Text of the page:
*I'm Interpreting the word "Usually" as "unless specified otherwise" (E.G. Tumble)

\$\endgroup\$
1
\$\begingroup\$

Death from Above's Movement Does Provoke

The Tome of Battle states:

You do not provoke attacks of opportunity when you initiate a maneuver or stance unless its description explicitly says otherwise. Some maneuvers allow you to move, charge, and take other actions that could provoke attacks of opportunity. Unless the maneuver description specifically says that such actions do not provoke attacks of opportunity, they do. (ToB p.39)

Now let's look at the maneuver in question:

To use this maneuver, you must be adjacent to a foe. As part of this maneuver, you attempt a DC 20 Jump check. If this check succeeds, you can make a single melee attack against an opponent that you were adjacent to when you began this maneuver. This attack occurs in the air as you soar over your opponent, also as part of the maneuver. Your attack deals an extra 4d6 points of damage, and your opponent is considered flat-footed against this attack. You then land in any square adjacent to the target of this attack, though no more than 20 feet away from your starting position.

If your Jump check fails, you remain in the last square you occupied before the Jump check and can make a single attack normally. The maneuver is still considered expended.

Emphasis mine. You attack an adjacent foe as you "soar over him". You attack the foe after a part of your movement. A Tumble check or another means would be needed to avoid provoking. One would also need to take into account other enemies that threaten him.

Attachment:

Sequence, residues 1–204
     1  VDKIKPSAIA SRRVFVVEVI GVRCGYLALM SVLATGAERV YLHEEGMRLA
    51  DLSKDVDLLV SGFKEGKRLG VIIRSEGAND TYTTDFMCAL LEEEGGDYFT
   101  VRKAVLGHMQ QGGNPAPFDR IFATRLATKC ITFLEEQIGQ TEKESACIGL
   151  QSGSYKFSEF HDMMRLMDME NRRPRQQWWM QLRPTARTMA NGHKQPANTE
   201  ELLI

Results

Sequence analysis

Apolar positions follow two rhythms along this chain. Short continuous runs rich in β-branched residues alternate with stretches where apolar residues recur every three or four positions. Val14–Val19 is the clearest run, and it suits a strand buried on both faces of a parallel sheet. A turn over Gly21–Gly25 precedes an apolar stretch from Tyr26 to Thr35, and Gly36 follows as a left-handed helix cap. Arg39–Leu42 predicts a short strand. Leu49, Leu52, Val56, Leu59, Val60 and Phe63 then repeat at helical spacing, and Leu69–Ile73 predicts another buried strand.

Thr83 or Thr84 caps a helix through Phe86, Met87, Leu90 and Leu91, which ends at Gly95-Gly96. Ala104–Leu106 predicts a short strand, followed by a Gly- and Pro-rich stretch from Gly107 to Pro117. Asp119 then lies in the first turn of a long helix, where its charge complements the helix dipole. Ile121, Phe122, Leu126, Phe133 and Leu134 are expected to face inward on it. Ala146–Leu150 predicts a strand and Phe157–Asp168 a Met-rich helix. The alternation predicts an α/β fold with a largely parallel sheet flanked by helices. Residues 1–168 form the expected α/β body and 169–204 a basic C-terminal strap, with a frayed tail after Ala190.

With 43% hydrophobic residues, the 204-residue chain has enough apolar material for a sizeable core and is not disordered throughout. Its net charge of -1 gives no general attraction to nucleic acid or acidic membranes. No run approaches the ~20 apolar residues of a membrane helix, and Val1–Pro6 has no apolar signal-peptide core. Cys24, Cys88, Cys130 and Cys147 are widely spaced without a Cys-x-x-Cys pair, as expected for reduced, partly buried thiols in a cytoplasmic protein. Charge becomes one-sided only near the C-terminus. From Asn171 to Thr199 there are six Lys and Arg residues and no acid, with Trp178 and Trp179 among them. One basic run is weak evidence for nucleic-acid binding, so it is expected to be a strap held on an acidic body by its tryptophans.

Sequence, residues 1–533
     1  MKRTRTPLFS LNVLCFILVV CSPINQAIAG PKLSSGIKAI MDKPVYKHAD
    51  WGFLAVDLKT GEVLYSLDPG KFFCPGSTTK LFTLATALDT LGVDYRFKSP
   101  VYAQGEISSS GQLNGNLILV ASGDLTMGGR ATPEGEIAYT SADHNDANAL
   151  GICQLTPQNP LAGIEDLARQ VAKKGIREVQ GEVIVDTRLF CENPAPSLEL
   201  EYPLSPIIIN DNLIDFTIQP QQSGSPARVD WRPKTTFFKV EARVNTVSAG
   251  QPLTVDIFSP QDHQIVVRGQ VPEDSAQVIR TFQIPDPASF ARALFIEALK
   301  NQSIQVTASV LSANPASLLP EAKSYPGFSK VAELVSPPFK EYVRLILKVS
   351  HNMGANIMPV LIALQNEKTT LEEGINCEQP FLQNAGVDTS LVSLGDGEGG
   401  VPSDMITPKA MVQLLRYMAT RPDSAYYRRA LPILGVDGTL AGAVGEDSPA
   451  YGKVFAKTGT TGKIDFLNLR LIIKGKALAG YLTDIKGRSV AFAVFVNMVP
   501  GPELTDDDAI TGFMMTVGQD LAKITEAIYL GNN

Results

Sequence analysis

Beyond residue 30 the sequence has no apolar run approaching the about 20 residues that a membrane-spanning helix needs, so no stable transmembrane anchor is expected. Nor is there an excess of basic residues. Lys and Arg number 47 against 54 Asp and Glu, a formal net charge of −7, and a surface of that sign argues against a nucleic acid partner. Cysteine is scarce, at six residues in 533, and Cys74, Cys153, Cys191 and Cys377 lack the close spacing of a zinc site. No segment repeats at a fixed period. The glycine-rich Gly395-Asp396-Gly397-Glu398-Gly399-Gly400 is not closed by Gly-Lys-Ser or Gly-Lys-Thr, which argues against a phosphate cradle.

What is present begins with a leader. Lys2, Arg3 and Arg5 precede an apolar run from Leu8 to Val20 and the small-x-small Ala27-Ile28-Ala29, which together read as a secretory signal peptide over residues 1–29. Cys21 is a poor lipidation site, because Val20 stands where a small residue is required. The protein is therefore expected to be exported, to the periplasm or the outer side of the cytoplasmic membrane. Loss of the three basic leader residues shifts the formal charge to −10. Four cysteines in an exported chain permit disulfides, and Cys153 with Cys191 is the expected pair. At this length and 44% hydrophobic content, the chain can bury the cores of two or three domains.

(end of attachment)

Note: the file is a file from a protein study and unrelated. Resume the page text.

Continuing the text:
Seeing that the movement from jumping would provoke an attack of opportunity, the next question should be, "Does this unbalance this maneuver or others like it?" To which the answer is, "no".

Since the Jump check doesn't count against your movement, a DC 15 Tumble (+2 to the DC for each additional enemy that threatens after the first) should be sufficient. This check should be easy for a player to make without much optimization. Besides having a good Tumble score, there are many other ways to avoid attacks of opportunity (magic items, spells, boost maneuvers, etc.).

If you fail the Jump check, you don't move. So therefore you wouldn't provoke.

The GM isn't being overly "legalistic" by enforcing balanced game rules. Like wanting to know the chosen trajectory a jumping character. If a player tried to go with "there's no limit on how much travel the he can do before he lands up to 20 ft. away". I would tell him, "that is obviously nonsensical and trying to go down that road is ill advised".

Bonus: When converting maneuvers like Death from Above to Pathfinder let the player use the 3.5 Tumble DC for their Acrobatics check. Otherwise it will be unbalancing.

\$\endgroup\$
2
  • 1
    \$\begingroup\$ I don't know what's up with that downvote; I think this answer makes a good case for an alternative reading. However, the maneuver says, "Your attack deals an extra 4d6 points of damage, and your opponent is considered flat-footed against this attack," not that the the foe is actually flat-footed, and the foe should probably only get one attack of opportunity, movement during a turn typically being a lone provocation. \$\endgroup\$ – Hey I Can Chan Aug 2 '18 at 2:22
  • \$\begingroup\$ Finally! I can comment (Yea!). This is why I love this site! I made an error and Hey I Can Chan showed me my error so I can correct it for the good of all. Regardless of the voting mechanism (Which I like BTW). I'm certain my answer is correct, besides the minor error that was corrected. Thanks Chan! \$\endgroup\$ – Zarus Aug 2 '18 at 9:04
0
\$\begingroup\$

Death from above dose not threaten Attacks of Opt. from the target because he no longer threatens him as he is considered flat-footed, however the adept must suffer Attacks of Opt. from any other enemy that would be threatening him at the time of this maneuver.

\$\endgroup\$

Your Answer

By clicking “Post Your Answer”, you agree to our terms of service, privacy policy and cookie policy

Not the answer you're looking for? Browse other questions tagged or ask your own question.